A cappella competition brings talent to CMU
On Friday night, a cappella enthusiasts from around Carnegie Mellon, around Pittsburgh, and even a handful from Michigan gathered in McConomy Auditorium to watch their favorite groups compete in the Great Lakes International Championship of Collegiate A Cappella (ICCA) quarterfinals. McConomy was full to bursting, with individuals standing in the back and lining the stairs. Completely unintentionally, I managed to find a seat in the row where all the judges, scorekeepers, and timekeepers sat. Under their book lights, the judges scribbled furiously on clipboards during the performances, analyzing each of the ten groups’ strengths and weaknesses in a variety of categories.
The evening of a cappella craziness was hosted by Carnegie Mellon’s very own Brad Plaxen, a senior electrical and computer engineering and English double major. Having been an MC for other events on campus, Plaxen seemed comfortable addressing the huge audience. While introducing the show, Plaxen got the audience guffawing after preparing them to hear “a lot of top 40 songs from the last three months that you’re tired of. A lot of Taylor Swift. Actually that’s unconfirmed, but she’s actually here tonight, here in McConomy. Taylor Swift just loves a cappella.” Ridiculous quips like this had the audience giggling and kept the energy light throughout the over-three-hour-long show.
Each group was limited to 12 minutes’ worth of a cappella glory. Plaxen made numerous comments about keeping the clapping between songs to a minimum in order to expedite each set. The first group of the evening — and the only group from out of state — specifically asked for no applause until the end, as their set was timed to fill the 12 minutes almost exactly. The Gold Vibrations, a co-ed a cappella group from Oakland University in Rochester Hills, Michigan, performed a lively set including the current toe-tapping favorite, Mark Ronson’s “Uptown Funk” featuring Bruno Mars.
With charming choreography and sets that seemed to be pulled off seamlessly, even the littlest mistakes could ruin a group’s chances to take home a coveted prize or advance to the semifinals. The second group, the University of Pittsburgh’s C Flat Run, included the first soloist of the evening who sent chills up my spine. His rendition of “Supremacy” by Muse sent his voice soaring to incredible high notes.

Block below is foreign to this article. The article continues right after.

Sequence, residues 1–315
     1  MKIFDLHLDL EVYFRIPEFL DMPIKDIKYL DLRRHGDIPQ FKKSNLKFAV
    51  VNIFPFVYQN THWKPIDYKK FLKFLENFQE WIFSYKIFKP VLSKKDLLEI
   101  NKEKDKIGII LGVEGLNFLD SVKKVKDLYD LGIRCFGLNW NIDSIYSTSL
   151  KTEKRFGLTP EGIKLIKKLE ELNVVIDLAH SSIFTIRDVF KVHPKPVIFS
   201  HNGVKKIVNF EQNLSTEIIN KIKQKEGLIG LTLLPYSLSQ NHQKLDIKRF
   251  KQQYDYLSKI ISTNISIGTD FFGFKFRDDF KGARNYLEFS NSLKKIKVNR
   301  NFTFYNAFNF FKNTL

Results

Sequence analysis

The evening was full of knock-your-socks-off talent, as well as plenty of funny moments and numbers. The University of Pittsburgh’s Pitt Pendulums arranged Miley Cyrus’s “Party in the USA” to merge into other numbers such as “New York” and “Oops I Did it Again” before each chorus. I always find men giving their all while singing vintage Britney Spears to be enjoyable and highly entertaining.
The first Carnegie Mellon group of the evening stunned with another inspired arrangement. Counterpoint, the only all-female a cappella group at Carnegie Mellon, had the genius idea of pairing Beyonce’s “Crazy in Love” with Gnarls Barkley’s “Crazy.” Their performance also included a rousing “Summertime Sadness” by Lana del Rey and a wonderful version of Katy Perry’s “Dark Horse” (replete with Jessie J’s rap).
Pittch Please, an all-male a cappella group from University of Pittsburgh — and the first-place winners of the evening — earned the audience’s respect and admiration with a variety of flawlessly arranged and executed songs. The soloist who sang Jessie J’s part in Bang Bang performed tons of animation and impressive intonation as his voice slipped and slid over the runs and performed vocal gymnastics. Pittch Please’s staging was also perfect: entertaining, but not at the expense of the vocals. At one point the members pretended to be various instruments.
The other two Carnegie Mellon groups to perform took the stage by storm. The Originals, an all-male ensemble, delivered a complex and majestic performance. One of the most enjoyable moments of the evening was the mash-up of jazzy-blues ballad “Cry Me a River” with Justin Timberlake’s popular song of the same name. Freshman musical theatre major Kyle Pitts performed the ballad — famously covered by jazz legend Ella Fitzgerald — soulfully, as the rest of the group backed him up with spunky lines from Justin Timberlake’s version.
Carnegie Mellon’s co-ed group The Treblemakers performed a set that showed off their ability to perform melodic and fast-paced number with ease. Senior BXA student Bridget McCoy delivered a beautiful version of Rihanna’s “Stay” and sophomore psychology major Reagan Henke sang Calvin Harris’ “Sweet Nothing” with an amazing amount of power and emotion. Entertaining and impressive dancing accompanied the vocals, so it was no surprise that The Treblemakers took home the award for best choreography.
The evening was certainly long, but it was hard to complain when there was the opportunity to watch so many talented people doing what they love. If you didn’t feel sorry for yourself regarding your personal singing talent, the funny bios of each group in the program definitely made you feel substantially less cool. During the period before the winners were announced, the audience was entertained with performances from Infra Dance Company and improv troupe No Parking Players.
Carnegie Mellon groups won all of the prizes except first prize. Second prize went to The Originals, and third prize went to the Treblemakers. In addition to winning best choreography, Bridget McCoy of the Treblemakers won Best Soloist. Junior global studies major Diana Pacilio won Best Vocal Percussion for Counterpoint, and composition major Stephen Murphy won Best Arrangement for The Originals.
All in all, the ICCA quarterfinals once again blew the audience away with their whirlwind of vocal majesty.